In the end, one Christian conversion will benefit the whole family. The gifts of the Holy Spirit of healing and deliverance will help the whole family. A prayer of deliverance of evil spirits will leave any member of the family with a complete sense of peace immediately. A prayer of healing from a Christian disciple produces 80% healing. The remaining healing comes from continued prayer of praise and thanksgiving until all the healing is complete. This healing comes from the Holy Spirit through the power in the Name of Jesus Christ. No other god or deity or doctor uses this power. This proves the TRUTH OF CHRISTIANITY.
God divinely inspired the BIBLE . How do we know? Each of eight accurate predictions shows a high probability mathematically. The probability of one individual fulfilling eight prophecies have odds of 1 in 10 17 (1 in 100,000,000,000,000,000). Jesus Christ fulfilled all prophecies, therefore the Bible MUST BE TRUE.
The Old Testament indicates another 40 astonishing predictions.
Christianity experiences stunning growth—from approximately 3.8 million adherents in China in 1956 to an estimated 87 to 100 million Christians today.
HOW IS JESUS STILL ALIVE TODAY?
Jesus is alive today! He heals today (through His followers) and in many cases it is realized immediately. How else can you explain the explosion of Christianity, the world’s largest religion, on earth: 2.2 billion adherents, nearly a third (31 percent) of all 6.9 billion people on Earth.
Christians know and feel His Presence; they communicate with Him personally; Christian prayers are always answered.
This author has been given the Gift of Healing only because he is a Christian Lay Missionary, who travels two to three places every year. On his last trip to Columbia he successfully transferred his Gift to his Spanish translators, who were able to heal as he did. He has healed Muslims to their great surprise.
He also delivers away evil spirits along with their healing. All those who are delivered from evil spirits feel a complete physical sense of peace.
DREAMS AND VISIONS
God can give a message to those non-Christians to change their heart. God knows faith will be developed eventually. God will come to you in the form of dreams or visions. So be sensitive to any dreams or visions, when you ask God for it earnestly.
HAVE YOU EVER WONDERED HOW TO BECOME A CHRISTIAN?
- Christians don’t shout, “I live a clean life!” Christians whisper “I feel lost, but now God found me and God forgives me.”
- Christians don’t speak with pride. They confess that they stumble and need Christ to be their guide.
- Christians don’t say,” I’m strong.” They say they try to be strong because they need strength.
- Christians don’t brag about success, but they admit that they fail and they need God to clean the mess.
- Christians don’t claim to be perfect, but God still believes in them.
- Christians still feel the sting of pain. They have their share of headaches but they still call upon His Name.
- Christians are not holier than others. They are simple sinners who receive God’s unbelievable Grace.
Christianity on a Table Napkin:
“If you declare with your mouth, ‘Jesus is Lord,’ and believe in your heart that God raised him from the dead, you will be saved.” Romans 10:9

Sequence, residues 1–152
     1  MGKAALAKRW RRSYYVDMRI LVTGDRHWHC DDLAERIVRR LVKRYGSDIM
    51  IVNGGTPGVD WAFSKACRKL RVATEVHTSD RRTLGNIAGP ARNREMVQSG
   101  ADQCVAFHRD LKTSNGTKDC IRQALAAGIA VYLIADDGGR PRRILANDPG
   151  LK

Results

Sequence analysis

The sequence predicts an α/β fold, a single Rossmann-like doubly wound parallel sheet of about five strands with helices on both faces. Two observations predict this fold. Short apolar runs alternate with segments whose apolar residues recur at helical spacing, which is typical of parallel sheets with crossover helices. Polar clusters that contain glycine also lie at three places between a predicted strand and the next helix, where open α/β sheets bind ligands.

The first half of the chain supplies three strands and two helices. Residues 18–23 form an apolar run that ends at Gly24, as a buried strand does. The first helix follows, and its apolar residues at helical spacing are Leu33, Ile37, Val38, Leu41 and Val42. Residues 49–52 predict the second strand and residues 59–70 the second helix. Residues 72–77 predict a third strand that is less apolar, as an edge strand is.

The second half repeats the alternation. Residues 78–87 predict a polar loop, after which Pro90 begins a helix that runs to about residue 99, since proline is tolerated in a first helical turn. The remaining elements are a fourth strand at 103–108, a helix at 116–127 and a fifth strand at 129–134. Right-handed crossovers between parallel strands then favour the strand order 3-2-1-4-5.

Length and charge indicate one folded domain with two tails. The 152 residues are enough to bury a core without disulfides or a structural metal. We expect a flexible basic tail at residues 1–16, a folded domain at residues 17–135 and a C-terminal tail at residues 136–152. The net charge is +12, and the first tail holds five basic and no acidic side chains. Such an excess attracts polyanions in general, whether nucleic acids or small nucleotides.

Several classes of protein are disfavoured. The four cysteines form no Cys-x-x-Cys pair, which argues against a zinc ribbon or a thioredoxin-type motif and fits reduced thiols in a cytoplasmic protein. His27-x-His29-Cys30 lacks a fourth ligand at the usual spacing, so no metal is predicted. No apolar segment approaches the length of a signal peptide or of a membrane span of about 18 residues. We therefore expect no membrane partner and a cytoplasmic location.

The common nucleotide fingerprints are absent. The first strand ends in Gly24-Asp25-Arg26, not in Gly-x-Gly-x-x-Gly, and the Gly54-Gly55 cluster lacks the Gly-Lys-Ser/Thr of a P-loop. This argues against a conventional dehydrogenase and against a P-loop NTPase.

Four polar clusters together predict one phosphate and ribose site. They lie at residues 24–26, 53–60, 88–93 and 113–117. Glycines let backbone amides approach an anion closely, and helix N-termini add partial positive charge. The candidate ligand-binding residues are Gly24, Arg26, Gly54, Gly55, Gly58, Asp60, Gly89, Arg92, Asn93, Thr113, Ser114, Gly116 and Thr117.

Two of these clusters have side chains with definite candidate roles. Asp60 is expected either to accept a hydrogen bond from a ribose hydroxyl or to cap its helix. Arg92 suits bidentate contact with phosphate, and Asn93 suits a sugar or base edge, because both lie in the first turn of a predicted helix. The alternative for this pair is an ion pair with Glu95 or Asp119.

God the Father will wipe every tear from our eyes, and there shall be no more death or mourning, crying out or pain. We will be like Him, for we will see Him as He is The Holy Spirit will have made all things new. Eternal joy will begin. “For the Mighty One has done great things for me— holy is His name.” Luke 1: 49
Are we not like Barabbas who was justly condemned for murder, but saved by the innocent Jesus on the cross? Are we not like the adulterous woman, deserving of death by stoning, to whom Jesus says, “I do not condemn you”? And Jesus saved them both. In fact, Jesus came to earth specifically to look for and save those who were lost, like you.
“Come now, let us settle the matter,” says the LORD, “Though your sins are like scarlet, they shall be as white as snow; though they are red as crimson, they shall be like wool”. Isaiah 1:18
You may need some counseling with a pastor, priest or competent Christian worker, who will introduce you to a Short Course on Who is Jesus? Start by reading a short biography of Jesus in the Gospel of Luke. Read several verses before going to bed and read the same verse upon arising. He will defend you from attacks of the enemy when you ask Him.
Healing and Deliverance (Ctrl + Click to follow Link)
- Abuse and Trauma
- A Vision of Hell
- Breaking Free of Controlling Spirits
- Can a Smart Person believe in God
- Cigarette and Drug Bust
- Deliverance from Depression
- Deliverance from Drugs and Addiction
- Deliverance from Prison
- Deliverance PowerPoint
- Divine Healing
- Do you Know an Alcoholic?
- Don’t be Afraid of Fear
- Gluttony is Not Merely Overeating
- God’s Protection and Blessing
- Healing and Deliverance General Information
- Healing and Deliverance Instructions
- Healing Hands: Father Melvin Doucette
- Healing of Relationships
- How to Keep Your Healing Once you have Received it
- Insomnia and Deliverance
- Jesus Cures a Blind Man at Bethsaida
- Joy and Sorrow
- Let’s Start
- Lust and its Brother Pornography
- Physical Healing
- Power of Healing
- Prisoner of Unforgiveness
- The Healing Power of Jesus
- The High Stakes of Gambling Addiction
- Three Ways of Self-Deliverance
- Ungodly Soul Ties
- Ungodly Superstitious Beliefs
- Your Part